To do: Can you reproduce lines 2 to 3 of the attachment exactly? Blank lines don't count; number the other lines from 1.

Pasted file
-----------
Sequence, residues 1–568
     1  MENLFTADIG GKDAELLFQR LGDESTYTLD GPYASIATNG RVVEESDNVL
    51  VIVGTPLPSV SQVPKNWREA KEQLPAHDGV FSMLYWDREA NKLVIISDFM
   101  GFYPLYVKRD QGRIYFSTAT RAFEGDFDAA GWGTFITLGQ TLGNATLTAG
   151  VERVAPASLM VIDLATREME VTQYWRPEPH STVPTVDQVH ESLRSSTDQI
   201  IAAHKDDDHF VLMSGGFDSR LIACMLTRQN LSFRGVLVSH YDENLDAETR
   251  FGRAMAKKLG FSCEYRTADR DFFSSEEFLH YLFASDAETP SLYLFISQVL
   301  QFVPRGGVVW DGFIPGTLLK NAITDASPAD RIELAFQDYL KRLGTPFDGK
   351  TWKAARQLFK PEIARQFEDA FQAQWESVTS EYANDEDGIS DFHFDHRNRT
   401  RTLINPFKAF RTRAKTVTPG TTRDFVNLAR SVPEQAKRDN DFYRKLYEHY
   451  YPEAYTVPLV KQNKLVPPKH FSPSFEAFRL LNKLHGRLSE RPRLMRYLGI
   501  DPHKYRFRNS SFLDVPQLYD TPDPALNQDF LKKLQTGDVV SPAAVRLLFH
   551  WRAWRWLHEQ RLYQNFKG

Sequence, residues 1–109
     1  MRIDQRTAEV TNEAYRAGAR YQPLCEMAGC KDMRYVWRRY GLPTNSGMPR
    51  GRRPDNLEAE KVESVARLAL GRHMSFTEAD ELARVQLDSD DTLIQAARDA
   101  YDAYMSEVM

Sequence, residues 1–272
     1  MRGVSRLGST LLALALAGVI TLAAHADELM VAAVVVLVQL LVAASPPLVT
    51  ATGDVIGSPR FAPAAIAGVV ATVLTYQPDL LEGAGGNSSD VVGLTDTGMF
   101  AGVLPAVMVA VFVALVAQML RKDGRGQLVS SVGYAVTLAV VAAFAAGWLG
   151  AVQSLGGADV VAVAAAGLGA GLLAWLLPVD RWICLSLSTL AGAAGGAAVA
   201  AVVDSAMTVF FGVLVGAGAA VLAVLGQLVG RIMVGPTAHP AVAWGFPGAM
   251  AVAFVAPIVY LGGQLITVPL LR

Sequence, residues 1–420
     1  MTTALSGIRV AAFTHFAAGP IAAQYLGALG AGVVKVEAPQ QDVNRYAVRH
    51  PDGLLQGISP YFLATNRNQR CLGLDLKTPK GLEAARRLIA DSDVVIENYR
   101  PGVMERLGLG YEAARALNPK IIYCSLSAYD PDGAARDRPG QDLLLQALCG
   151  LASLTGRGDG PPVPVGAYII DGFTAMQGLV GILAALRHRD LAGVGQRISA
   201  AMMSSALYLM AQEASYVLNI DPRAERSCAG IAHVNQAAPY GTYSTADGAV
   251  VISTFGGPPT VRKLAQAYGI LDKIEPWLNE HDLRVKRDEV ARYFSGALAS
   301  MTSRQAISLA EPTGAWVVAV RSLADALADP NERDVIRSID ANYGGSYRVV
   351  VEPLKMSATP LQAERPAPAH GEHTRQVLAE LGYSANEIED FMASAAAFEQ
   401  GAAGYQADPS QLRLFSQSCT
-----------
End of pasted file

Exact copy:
     1  MENLFTADIG GKDAELLFQR LGDESTYTLD GPYASIATNG RVVEESDNVL
    51  VIVGTPLPSV SQVPKNWREA KEQLPAHDGV FSMLYWDREA NKLVIISDFM